The Kremlin has been describing the January 22 State Council meeting as “historic,” so we here at The Power Vertical thought it deserves at least two posts. Yesterday Brian Whitmore noted the strident tone that Prime Minister Vladimir Putin took at the meeting and that, overall, it was perfectly clear that limits were being laid down, probably in an attempt to quash overly ambitious expectations evoked by the “liberal” President Dmitry Medvedev.
Although it was a surprise that Putin spoke at the meeting, the tone and content of his speech were not surprising. What was surprising was Medvedev’s speech, which made no apologies for Russia’s current political system and offered no acknowledgment that the country’s flawed and manipulated electoral system is incapable of bestowing real legitimacy on the government. I have said before that this is a big conceptual problem for Medvedev, whose “liberal” leanings (if he actually has any) are hemmed in by the fact that it is virtually impossible for him to admit the basic truth that he himself was installed, not elected president.
The message of the State Council meeting was that whatever “modernization” goes on under Medvedev, whatever is done to combat corruption or to reform the police or the courts – it will be achieved strictly within the framework of a political system that produces and fosters secrecy and unaccountability.
In an article about the State Council session published before it took place, but perfectly anticipating its content, “Rossiiskaya gazeta” – the official organ of Putin’s government – quoted analyst Aleksei Chesnakov as saying, “in any event the authorities are going to act proceeding from the logic that the political system must change but not be changed.” Vyacheslav Nikonov said in the same January 15 article, “there will be no reform of the political system as such.”
After the meeting, analyst Vladimir Pribylovsky told RFE/RL’s Russian Service that any changes that come out of the session will amount to nothing more than “painting the facade.”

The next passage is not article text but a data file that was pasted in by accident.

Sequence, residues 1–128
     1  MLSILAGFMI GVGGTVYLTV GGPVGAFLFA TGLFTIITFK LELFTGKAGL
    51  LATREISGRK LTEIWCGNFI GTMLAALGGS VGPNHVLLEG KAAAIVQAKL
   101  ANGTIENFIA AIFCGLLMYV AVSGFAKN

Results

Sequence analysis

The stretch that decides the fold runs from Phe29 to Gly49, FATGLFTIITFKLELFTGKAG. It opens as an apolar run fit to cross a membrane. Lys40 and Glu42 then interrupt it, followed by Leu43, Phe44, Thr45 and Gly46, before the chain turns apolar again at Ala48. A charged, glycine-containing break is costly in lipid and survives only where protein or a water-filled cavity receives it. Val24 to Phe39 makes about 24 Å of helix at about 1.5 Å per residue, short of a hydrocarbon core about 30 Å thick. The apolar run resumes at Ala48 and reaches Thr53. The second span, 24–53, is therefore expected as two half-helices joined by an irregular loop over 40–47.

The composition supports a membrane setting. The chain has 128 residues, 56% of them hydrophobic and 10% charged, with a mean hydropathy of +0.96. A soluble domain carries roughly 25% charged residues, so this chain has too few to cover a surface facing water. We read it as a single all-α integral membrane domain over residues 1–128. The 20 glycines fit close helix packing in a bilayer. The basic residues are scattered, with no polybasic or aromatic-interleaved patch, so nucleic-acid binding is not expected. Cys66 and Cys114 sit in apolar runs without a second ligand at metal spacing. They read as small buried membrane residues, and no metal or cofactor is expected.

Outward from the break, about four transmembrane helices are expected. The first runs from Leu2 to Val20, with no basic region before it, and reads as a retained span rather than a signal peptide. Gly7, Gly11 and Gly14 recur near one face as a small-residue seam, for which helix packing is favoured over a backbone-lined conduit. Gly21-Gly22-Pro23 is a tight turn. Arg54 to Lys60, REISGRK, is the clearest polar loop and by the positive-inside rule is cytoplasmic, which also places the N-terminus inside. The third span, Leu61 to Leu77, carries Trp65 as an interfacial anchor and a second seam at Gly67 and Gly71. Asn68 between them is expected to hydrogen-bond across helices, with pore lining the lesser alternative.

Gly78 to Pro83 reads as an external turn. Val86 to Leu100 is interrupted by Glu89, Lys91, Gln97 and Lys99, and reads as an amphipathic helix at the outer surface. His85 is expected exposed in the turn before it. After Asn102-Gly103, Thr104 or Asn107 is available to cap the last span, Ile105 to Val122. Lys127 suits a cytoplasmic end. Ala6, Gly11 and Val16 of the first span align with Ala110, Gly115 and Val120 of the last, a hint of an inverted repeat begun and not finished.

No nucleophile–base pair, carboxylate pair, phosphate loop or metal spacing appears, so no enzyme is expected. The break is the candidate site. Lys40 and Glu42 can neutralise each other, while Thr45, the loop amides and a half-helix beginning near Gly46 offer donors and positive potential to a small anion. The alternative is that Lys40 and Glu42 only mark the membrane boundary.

The tenor of the State Council session was an exact echo of the political-system section of Medvedev’s November Address to the Federal Assembly. In a post-mortem on that speech published on gazeta.ru on November 19, independent elections analyst Arkady Lyubarev wrote about Medvedev’s proposals: “Whether they will serve the purpose of strengthening democracy on the regional level or, on the contrary, will bolster authoritarian tendencies depends on how they are realized.”
Isn't that always the bottom-line problem with any attempt to address systemic problems with nonsystemic solutions?
Ultimately, the decision not to introduce any accountability or public buy-in to the political system could have a direct impact on the 2012 election and Russia’s future direction beyond that date. In a fascinating interview with RFE/RL, Kremlin political consultant Gleb Pavlovsky notes that some time about a year from now, Putin and Medvedev are going to have to decide which of them will be enthroned as president in 2012. Of course, any crisis could happen, in which case the natural impulse will be to return the strongman Putin to the Kremlin. But, barring that, Pavlovsky argues that if Medvedev is able to show some concrete results of his modernization program by the time that discussion takes place (I suppose that discussion is the closest thing Russia is going to have to a “free and fair” election any time in the foreseeable future) and if his standing with the bureaucracy and elites strengthens further, he could well emerge as the chosen one. Pavlovsky, without irony, describes this best-case scenario as the “successful-inertial scenario.”
A second term for Medvedev, arguably, could produce another wave of expectations of “liberalization” and give him a modicum of political capital to move in that direction. If modernization produces no results (and a year isn’t very long to get moving on something so grandiose, even under the best of circumstances), Pavlovsky implies that the elites will scurry back to Putin. Given Russia’s current situation and trajectory, it seems reasonable to wonder whether there isn’t an inherent conflict between the “successful” and the “inertial” parts of Pavlovsky’s formulation. At the very least, it is hard to get one’s mind around the idea of an “inertial” reform plan.
The Kremlin’s views on Russia’s political system grow more “liberal” when elections are far on the horizon and decidedly more “pragmatic” every time an election nears. That means the sober and uninspiring State Council meeting last Friday is practically the high-water mark of political liberalization that we are likely to see before the next election cycle.